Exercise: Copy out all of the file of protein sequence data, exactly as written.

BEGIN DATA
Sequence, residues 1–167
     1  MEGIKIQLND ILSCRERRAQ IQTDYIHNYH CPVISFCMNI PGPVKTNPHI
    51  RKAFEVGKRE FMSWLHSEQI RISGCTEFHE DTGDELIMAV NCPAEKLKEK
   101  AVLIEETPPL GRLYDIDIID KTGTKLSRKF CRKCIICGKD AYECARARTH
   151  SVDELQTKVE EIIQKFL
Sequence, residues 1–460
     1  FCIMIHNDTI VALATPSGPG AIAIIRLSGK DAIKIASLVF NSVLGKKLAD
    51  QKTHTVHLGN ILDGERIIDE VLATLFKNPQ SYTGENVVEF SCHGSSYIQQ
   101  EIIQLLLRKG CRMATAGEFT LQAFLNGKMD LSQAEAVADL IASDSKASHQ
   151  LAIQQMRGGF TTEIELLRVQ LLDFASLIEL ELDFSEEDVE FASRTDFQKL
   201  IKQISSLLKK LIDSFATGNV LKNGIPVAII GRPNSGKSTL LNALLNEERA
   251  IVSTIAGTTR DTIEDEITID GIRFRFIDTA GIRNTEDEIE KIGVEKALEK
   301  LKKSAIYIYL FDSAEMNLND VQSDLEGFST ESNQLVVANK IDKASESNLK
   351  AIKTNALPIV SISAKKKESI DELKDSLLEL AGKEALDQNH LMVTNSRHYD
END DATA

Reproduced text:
Sequence, residues 1–167
     1  MEGIKIQLND ILSCRERRAQ IQTDYIHNYH CPVISFCMNI PGPVKTNPHI
    51  RKAFEVGKRE FMSWLHSEQI RISGCTEFHE DTGDELIMAV NCPAEKLKEK
   101  AVLIEETPPL GRLYDIDIID KTGTKLSRKF CRKCIICGKD AYECARARTH
   151  SVDELQTKVE EIIQKFL
Sequence, residues 1–460
     1  FCIMIHNDTI VALATPSGPG AIAIIRLSGK DAIKIASLVF NSVLGKKLAD
    51  QKTHTVHLGN ILDGERIIDE VLATLFKNPQ SYTGENVVEF SCHGSSYIQQ
   101  EIIQLLLRKG CRMATAGEFT LQAFLNGKMD LSQAEAVADL IASDSKASHQ
   151  LAIQQMRGGF TTEIELLRVQ LLDFASLIEL ELDFSEEDVE FASRTDFQKL
   201  IKQISSLLKK LIDSFATGNV LKNGIPVAII GRPNSGKSTL LNALLNEERA
   251  IVSTIAGTTR DTIEDEITID GIRFRFIDTA GIRNTEDEIE KIGVEKALEK
   301  LKKSAIYIYL FDSAEMNLND VQSDLEGFST ESNQLVVANK IDKASESNLK
   351  AIKTNALPIV SISAKKKESI DELKDSLLEL AGKEALDQNH LMVTNSRHYD